China abuses 'must be addressed'
The Government has been urged to deliver a forceful message to Chinese vice-president Xi Jinping about his regime's human rights abuses during a three-day visit to Ireland.
Amnesty International Ireland called on coalition leaders Taoiseach Enda Kenny and Tanaiste Eamon Gilmore to speak with one voice about China's treatment of activists.
Mr Xi, 58, China's leader-in-waiting, arrives at Shannon Airport on Saturday afternoon after five days in the US and is expected to sign off "door-opening" agreements to boost trade with Ireland.
Amnesty has written to Mr Kenny and Mr Gilmore demanding human rights issues are raised, with a warning that China is the world's number one executioner and that its treatment of activists is appalling.
Noeleen Hartigan, programmes director of Amnesty International Ireland, said it is crucial the Government makes clear the concerns of many Irish people about human rights abuses.
She said: "A minimum of 190,000 people are in 'administrative detention', many of them in forced labour camps.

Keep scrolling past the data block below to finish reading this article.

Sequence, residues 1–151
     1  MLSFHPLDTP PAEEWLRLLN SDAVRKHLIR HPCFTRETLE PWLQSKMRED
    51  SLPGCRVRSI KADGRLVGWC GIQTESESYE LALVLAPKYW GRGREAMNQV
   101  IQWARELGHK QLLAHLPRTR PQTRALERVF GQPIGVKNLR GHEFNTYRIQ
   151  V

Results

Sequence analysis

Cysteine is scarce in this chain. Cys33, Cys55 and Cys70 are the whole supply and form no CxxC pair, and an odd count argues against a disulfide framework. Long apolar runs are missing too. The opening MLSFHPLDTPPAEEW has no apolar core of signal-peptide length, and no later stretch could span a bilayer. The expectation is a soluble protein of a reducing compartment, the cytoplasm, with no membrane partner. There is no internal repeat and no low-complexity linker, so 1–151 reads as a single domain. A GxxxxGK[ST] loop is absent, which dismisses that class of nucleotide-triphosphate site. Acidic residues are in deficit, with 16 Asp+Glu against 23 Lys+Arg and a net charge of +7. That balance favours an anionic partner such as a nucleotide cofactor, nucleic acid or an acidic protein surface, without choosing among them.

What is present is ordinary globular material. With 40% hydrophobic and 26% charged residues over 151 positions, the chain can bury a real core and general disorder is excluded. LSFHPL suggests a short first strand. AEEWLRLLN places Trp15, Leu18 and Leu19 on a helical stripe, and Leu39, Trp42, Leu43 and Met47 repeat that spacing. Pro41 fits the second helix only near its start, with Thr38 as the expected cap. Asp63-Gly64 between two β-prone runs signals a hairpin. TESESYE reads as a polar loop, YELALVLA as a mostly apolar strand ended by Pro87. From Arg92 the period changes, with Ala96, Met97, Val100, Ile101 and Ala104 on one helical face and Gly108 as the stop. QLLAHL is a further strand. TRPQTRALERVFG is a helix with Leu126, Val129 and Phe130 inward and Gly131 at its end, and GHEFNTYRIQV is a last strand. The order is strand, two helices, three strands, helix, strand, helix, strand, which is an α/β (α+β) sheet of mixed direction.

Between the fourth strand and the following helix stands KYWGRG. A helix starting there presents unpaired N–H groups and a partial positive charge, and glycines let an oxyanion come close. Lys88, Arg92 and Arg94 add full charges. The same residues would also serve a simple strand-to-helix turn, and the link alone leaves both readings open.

"Human rights activists are targeted for harassment, arrest and some have even disappeared, while the use of torture is endemic.
"It is obviously important that we build and maintain trading relations with a country like China. But even in the midst of a recession we cannot let trade opportunities blind us to our responsibility to support courageous Chinese human rights activists risking their freedom and their lives every single day."
Mr Kenny and Mr Gilmore have committed to raising the issue of human rights during talks.
The Taoiseach said the Irish Government hoped Mr Xi, who admitted in Washington that China has "room to improve", would continue to improve the country's record.